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The “Mini Apple” is what the  locals call Minneapolis, Minnesota’s largest city. No one will mistake it for NYC, of course, but it’s also a fun and cultural destination in its own right, with a vibrant arts scene, passionate local food movement, and natural escapes galore. A recent hotel opening earlier this month has only further upped the city’s game. Best of all, a trip here won’t blow your budget — many of these offerings can be enjoyed for very little, if anything at all.


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What to Do
The city’s well known for its plentiful parks and lakes. This includes the 193-acre Minnehaha Park, with an impressive 53-foot waterfall as well as picturesque limestone bluffs. There, try stand-up paddleboard on Lake Calhoun, the largest of five lakes within the Minneapolis Chain of Lakes, with $18 per hour rentals from Wheel Fun Rentals — or hop into a kayak and canoe to explore the waters. Simply hiking or bicycling around the lake, just over a three-mile trip, is also a popular summer past-time.


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Looking for some culture but don’t want to sacrifice your outdoor time? Travelers can celebrate the performing arts en plein air this summer with live music and film screenings held in Minneapolis’ parks. Around 250 free events are on the books — see them at the Music & Movies in the Park site. Otherwise, Walker Art Center offers two free admission days on the first Thursday and Saturday of each month, though the its sculpture garden is always free. Admission is always complimentary at Minneapolis Institute of Arts, which is especially known for its Chinese art. Of note are two temporary exhibits currently on show, one about Chinese figure painting and another about the art of Chinese lacquer, running through this November 2 and April 19 of 2015 respectively.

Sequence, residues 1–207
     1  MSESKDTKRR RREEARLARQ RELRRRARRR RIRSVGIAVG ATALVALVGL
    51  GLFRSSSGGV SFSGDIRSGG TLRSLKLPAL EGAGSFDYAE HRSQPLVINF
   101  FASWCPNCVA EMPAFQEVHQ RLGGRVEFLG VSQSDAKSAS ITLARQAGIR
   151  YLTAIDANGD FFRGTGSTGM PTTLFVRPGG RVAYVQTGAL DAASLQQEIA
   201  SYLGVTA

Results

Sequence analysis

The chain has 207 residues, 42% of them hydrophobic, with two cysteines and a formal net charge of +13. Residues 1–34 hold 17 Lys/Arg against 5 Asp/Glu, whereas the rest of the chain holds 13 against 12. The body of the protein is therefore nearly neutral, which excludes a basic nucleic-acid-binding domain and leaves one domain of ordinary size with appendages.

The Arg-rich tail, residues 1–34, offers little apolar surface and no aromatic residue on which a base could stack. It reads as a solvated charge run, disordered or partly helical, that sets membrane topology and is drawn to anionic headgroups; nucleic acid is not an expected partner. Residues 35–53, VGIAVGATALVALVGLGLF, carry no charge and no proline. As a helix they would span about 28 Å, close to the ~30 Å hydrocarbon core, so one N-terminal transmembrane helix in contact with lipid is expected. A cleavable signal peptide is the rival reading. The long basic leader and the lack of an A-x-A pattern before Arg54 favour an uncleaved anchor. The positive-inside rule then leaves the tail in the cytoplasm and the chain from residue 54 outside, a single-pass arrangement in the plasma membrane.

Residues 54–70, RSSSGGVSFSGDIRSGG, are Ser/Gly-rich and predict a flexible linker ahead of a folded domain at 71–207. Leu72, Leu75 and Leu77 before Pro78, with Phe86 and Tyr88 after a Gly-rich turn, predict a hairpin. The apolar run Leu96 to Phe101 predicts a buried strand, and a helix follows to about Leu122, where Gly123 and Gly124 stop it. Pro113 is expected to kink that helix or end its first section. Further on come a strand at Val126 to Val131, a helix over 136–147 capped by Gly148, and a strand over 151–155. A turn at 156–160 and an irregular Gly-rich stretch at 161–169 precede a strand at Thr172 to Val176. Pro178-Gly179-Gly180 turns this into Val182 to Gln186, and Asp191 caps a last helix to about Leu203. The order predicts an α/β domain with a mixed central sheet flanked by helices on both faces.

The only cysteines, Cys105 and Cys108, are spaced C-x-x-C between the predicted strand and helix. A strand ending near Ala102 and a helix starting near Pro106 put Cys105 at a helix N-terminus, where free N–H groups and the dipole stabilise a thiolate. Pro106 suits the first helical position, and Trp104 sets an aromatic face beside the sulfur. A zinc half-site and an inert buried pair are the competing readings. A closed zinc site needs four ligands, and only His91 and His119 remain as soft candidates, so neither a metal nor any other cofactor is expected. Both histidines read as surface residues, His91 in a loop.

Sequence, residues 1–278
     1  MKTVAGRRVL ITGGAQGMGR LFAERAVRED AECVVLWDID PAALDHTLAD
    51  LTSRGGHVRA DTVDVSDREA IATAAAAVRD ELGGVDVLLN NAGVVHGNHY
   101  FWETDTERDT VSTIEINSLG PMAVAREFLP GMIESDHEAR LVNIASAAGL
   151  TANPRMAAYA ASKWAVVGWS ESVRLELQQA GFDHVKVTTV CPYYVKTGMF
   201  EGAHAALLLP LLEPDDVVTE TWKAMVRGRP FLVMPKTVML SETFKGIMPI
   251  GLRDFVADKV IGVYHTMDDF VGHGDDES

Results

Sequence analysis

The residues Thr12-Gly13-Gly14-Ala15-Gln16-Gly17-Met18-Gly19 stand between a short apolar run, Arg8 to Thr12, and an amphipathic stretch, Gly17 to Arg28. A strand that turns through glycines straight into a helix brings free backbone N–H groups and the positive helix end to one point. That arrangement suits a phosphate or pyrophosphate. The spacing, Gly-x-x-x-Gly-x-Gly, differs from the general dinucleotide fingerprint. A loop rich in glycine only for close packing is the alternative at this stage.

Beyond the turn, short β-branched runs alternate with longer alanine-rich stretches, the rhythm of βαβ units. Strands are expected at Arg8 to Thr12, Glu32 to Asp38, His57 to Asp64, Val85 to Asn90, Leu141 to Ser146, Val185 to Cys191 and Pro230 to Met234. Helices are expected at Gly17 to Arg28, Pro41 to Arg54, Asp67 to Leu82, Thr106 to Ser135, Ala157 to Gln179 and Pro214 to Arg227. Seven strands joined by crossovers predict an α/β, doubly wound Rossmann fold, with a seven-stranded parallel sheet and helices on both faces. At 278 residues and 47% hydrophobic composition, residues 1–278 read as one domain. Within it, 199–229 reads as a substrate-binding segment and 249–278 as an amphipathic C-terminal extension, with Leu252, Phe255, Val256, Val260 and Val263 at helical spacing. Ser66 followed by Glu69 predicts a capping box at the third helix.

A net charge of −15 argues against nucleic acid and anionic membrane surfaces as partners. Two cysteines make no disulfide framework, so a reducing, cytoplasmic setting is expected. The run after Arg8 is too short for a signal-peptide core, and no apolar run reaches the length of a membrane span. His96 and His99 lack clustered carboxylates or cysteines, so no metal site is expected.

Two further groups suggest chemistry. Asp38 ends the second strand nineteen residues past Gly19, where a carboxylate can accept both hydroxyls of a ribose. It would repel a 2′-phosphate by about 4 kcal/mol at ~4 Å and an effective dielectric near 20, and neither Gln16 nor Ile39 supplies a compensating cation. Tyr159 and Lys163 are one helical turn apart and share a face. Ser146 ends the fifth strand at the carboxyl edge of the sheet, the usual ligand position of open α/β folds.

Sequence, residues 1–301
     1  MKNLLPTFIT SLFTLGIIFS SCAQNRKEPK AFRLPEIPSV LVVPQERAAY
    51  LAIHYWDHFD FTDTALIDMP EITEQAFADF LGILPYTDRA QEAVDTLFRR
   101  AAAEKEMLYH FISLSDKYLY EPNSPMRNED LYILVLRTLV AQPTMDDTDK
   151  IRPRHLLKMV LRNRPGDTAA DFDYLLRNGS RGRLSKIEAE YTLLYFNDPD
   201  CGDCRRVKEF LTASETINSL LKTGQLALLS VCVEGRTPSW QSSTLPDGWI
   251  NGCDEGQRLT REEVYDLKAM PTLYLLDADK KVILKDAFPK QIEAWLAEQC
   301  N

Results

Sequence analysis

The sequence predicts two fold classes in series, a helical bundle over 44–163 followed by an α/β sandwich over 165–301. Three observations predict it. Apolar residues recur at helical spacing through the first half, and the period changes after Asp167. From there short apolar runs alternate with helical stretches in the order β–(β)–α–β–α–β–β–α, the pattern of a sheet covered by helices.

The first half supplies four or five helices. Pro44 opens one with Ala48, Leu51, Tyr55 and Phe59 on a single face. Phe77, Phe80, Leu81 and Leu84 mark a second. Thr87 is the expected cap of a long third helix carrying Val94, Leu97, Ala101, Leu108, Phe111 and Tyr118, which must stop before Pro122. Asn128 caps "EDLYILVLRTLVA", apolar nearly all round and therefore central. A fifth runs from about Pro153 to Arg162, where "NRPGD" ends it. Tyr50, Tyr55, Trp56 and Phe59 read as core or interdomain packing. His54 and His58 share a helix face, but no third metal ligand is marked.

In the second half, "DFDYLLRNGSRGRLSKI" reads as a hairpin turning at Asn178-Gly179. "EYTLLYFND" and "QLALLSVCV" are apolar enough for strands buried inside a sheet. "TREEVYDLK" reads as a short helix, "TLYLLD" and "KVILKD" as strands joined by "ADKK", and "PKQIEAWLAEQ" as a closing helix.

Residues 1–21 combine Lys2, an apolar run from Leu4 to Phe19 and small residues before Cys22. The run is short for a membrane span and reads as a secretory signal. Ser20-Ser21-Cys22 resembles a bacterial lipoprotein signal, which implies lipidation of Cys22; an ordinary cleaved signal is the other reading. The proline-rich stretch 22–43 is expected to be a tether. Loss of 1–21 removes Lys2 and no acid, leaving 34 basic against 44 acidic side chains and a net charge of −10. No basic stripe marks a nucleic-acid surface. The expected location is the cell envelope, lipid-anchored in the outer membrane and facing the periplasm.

Where to Eat
Minneapolis is home to the world’s largest Somalian population outside of its home country. To get a taste, try the cuisine at Daalo Grill ($11 entrees on average) on Nicollet Avenue South, in a section aptly referred to as Eat Street. Another great place is bite into the city’s ethnic-dining scene is Midtown Global Market, where hungry travelers can grab a hearty Middle Eastern entree like Arabic chicken shawarma (around $13) — Victor’s 1959 Café, where a Cuban breakfast of eggs Havana or Cuban hash makes for a great start to any day.

If you want in on the huge farm-to-table scene that Mini was a big pioneer of, try Lucia’s Restaurant (entrees $20-$30). We love that regular mealtimes aside, there’s a Lucia’s To Go section that sells quick and easy eats — like coconut-walnut cake, just-baked croissants, and the fixings for a pulled-pork sandwich — for those short on time and cash. Alternative, food and drink prices are slashes from 9 p.m. till 11 p.m. from Tuesday through Friday and till midnight on Saturday.

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Where to Stay
Fresh off a $28 million renovation, the Radisson Blu Minneapolis opened its doors earlier this month as the city’s newest hotel and the country’s fourth property under the brand — most known abroad for a contemporary step up above the typical big chain. Considering its reputation, it’s a pleasant surprise to know that the rates start just at $199 even in high season. Thanks to its makeover, the hotel’s 360 rooms and 18-story lobby atrium are now awash in sleek neutrals, with pops of color here and there for a touch of whimsy. There’s also an onsite farm-to-table restaurant called FireLake, where most dishes are served over an open flame.

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